By Rowan Sylva
In a recent herald “hot seat” interview, John Key was asked if he would consider implementing the long standing National party policy of abolishing the Maori seats. He replied that such a move would mean, “hikois from hell.” Key’s comment, typical to his evasive style, did not answer the question. This should set off alarm bells to Maori, and pakeha who sympathise with indigenous rights because 2014 election is looking likely to result in a government to NewZealand’s world leading indigenous programs and settlement processes. Four parties in the election have decidedly racist agendas and policy – New Zealand first, the Conservatives, Act and National. With abolishing New Zealand’s “race based laws” being on of NewZealand First’s “bottom lines,” and that party looking increasingly likely to hold the balance power, it may indeed be time to start sharpening the tiaha.
In 1860 Maori held, in legal title under the crown, over 80 percent of the North Island (approximately 23.2 million hectares). After the hugely expensive New Zealand Wars 1860s, new views of scientific racism which held that the Maori race destined to extinction were applied in New Zealand. Through military seizure and forced land sales Maori lost half of their land by 1890. This was accompanied by drastic demographic decline which the government did nothing to arrest. Maori were forced off their land and employed as labourers on the land they had once owned. By 1910 only 27 percent of land in the North Island remained in Maori hands. Land seizures continued throughout the twentieth century and by 1938 Maori land had been reduced to nine percent, and by 1970 only four percent. During much of the nineteenth century the government pursued a policy of assimilation where Maori cultural practices would be stamped out, and Maori would europeanised. Such measures included banning Maori language in schools, the mass burning and destruction of sacred sites and the criminalisation of tohunga and traditional lore (this happened especially under the tohunga suppression act 1907).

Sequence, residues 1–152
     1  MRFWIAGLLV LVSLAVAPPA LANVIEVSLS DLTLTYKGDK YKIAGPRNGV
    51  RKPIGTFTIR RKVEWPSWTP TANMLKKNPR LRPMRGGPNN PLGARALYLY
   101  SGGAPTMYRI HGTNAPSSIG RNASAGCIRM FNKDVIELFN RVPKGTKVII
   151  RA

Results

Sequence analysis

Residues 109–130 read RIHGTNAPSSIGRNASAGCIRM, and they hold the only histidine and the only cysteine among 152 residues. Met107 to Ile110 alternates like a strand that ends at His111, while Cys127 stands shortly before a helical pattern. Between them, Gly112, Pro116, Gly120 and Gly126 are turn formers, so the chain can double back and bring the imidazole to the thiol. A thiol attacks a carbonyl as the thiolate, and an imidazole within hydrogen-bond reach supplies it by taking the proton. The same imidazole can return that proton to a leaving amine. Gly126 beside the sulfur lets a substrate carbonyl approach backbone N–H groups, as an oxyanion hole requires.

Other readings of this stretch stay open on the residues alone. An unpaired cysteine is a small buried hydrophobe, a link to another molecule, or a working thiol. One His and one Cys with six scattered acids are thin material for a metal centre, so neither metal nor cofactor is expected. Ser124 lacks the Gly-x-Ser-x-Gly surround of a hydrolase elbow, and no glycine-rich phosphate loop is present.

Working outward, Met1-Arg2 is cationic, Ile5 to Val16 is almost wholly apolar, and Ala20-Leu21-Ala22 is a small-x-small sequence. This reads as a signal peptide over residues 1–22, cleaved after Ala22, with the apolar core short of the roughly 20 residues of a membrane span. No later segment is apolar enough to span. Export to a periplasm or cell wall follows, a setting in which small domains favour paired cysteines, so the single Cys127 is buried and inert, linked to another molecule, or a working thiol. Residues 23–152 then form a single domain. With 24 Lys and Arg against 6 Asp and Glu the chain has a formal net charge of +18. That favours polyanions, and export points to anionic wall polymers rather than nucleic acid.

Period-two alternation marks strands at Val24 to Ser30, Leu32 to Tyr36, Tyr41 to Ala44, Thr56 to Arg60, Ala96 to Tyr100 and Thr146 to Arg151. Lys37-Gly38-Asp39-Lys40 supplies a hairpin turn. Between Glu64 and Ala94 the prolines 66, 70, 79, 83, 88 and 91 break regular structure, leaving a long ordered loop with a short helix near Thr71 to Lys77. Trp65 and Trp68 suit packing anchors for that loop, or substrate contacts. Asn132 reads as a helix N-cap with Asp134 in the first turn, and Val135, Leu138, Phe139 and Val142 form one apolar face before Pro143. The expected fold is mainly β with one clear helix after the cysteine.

Since the the maori revival beginning in the late 80’s maori have been able to regain some of the ground lost to over a century of colonial abuse, however, economically little has been achieved. The New Zealand deprivation index published this month, shows that NZ’s most deprived areas correlate precisely with areas that are predominantly Maori, areas where people live well below the poverty line. One of the most shocking things about the index is that it shows no improvement for Maori in the twenty years since the index was first created. With a 2012 prison population of 8700 New Zealand has one of the highest rates on incarceration in the developed world, and that rate is rising. Maori make up roughly 14 percent of New Zealand’s population but comprise 51 percent of our prison population; many are in prison for drug offences. The median maori annual income is $14,800, while the national median is $35,650. In addition to this shocking evidence of racial inequality, Maori are a rapidly growing demographic, suggesting that number of people living that are deprived of economic opportunity along racial lines is growing. These are the people that Jamie Whyte, leader of the Act party, described as analogous the French aristocracy on the verge of the 1789 revolution. That someone with doctorate in philosophy could spout such nonsense makes one doubt the academic rigour of Cambridge where Whyte lectured.